News of former Senator George McGovern’s failing health, and the announcement of his death this morning, has brought the healthcare resource of hospice into the spotlight. According to a statement by the McGovern Family, he “…passed away peacefully…” at a hospice house in South Dakota surrounded by family and friends. Although initial news reports stated that McGovern entered hospice when he was “unresponsive,” the benefits of receiving hospice care can be realized prior to patient’s imminent passing.
Hospice care is a great healthcare resource to patients and families dealing with end-of-life issues. It involves a team-oriented approach to expert medical care, pain management, and emotional and spiritual support tailored to the patient’s needs and wishes. The goal is to help the patient and the patient’s family members live the best quality of life possible, for as long as life lasts – whether that’s days, weeks, or months.
According to one local family, hospice care was essential in helping the patient get the physical care needed, as well as provide emotional support, comfort and guidance for the family members during the patient’s illness and beyond.
“San Diego Hospice enabled Susan to be a devoted mother as long as she lived,” said Craig Y., husband of Susan. “They provided me the courage to move forward as a loving husband and father through the end of Susan’s life and into the life that the children and I have ahead of us.”
Hospice care is provided by a team of healthcare professionals all working together with the patient, the patient’s physician, and the patient’s family members. The team makes intermittent visits to a patient’s home - or anywhere a patient calls “home” - such as nursing homes and other long-term care facilities. And hospice care is very affordable, as it is covered under Medicare, Medi-Cal (Medicaid), most private insurance plans, and HMOs.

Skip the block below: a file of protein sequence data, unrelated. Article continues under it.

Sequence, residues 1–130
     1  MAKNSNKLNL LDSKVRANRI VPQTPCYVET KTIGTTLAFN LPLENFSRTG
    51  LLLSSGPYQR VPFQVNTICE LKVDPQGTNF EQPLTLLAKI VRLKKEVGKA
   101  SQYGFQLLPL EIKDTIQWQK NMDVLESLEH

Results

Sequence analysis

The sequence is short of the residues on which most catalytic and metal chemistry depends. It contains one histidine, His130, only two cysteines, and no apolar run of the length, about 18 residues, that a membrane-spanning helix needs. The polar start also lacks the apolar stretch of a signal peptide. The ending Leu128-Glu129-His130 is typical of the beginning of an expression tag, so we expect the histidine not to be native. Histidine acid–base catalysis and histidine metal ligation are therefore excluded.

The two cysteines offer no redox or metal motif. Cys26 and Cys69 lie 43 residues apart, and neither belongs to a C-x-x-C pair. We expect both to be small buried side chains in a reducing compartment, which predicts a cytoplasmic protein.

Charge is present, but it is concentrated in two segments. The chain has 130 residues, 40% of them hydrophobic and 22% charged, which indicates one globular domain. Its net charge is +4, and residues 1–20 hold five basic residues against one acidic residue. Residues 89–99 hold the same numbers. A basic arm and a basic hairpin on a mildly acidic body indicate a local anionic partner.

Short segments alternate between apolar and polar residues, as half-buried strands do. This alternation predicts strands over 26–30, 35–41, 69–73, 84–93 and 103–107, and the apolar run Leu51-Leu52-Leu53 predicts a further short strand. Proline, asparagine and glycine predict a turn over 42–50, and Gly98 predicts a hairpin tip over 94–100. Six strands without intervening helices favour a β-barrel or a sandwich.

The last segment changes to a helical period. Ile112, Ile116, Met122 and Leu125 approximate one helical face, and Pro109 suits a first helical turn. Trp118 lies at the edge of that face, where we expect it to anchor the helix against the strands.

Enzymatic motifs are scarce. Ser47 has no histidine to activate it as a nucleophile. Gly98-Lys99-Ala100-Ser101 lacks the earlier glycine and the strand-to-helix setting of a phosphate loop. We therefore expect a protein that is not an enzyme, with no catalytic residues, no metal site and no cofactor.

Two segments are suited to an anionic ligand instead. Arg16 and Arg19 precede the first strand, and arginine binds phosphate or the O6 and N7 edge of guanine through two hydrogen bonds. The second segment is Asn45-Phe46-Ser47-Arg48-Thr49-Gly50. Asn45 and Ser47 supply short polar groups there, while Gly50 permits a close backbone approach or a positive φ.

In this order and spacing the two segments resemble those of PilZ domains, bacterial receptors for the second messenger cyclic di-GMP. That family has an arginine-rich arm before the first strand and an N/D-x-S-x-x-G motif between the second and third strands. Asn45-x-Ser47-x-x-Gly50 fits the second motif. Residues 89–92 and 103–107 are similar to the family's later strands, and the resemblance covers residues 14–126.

Are all hospices the same?
It’s important to know that not all hospices are the same. Although the philosophy of hospice care is similar among service providers, hospice programs can differ in the services and treatments that are offered to patients and their family members – even among hospice programs in the same community. Currently, there are approximately 23 different hospice programs in San Diego County, all independent of each other, and operating as either a for-profit or not-for-profit organization. For example, San Diego Hospice and The Institute for Palliative Medicine is the original not-for-profit hospice program serving San Diego County since 1977, and considered the most comprehensive hospice and palliative care program for adults and children in the region.
You have a choice.
In most cases, individuals can choose which hospice program to receive services from and can let their doctor know which hospice program they would like to receive services from. Organizations like the National Hospice and Palliative Care Organization provide an online directory to locate a member hospice program in your area. You can also ask your doctor or healthcare provider about what hospice programs are available.
It is understandable that hospice care is a difficult subject to discuss. And because of the myths and misconceptions surrounding hospice care, many think of hospice as giving up hope. For the thousands of patients and families who have received hospice care, they share that hospice can help redefine hope. Programs like San Diego Hospice can offer:
- hope that a secure, familiar care setting can be enjoyed.
- hope for freedom from fears of isolation, abandonment, loneliness, loss of control and physical pain.
- hope that the family will be nurtured and supported, even after the death of the patient, through bereavement services.
Photo source: Boston.com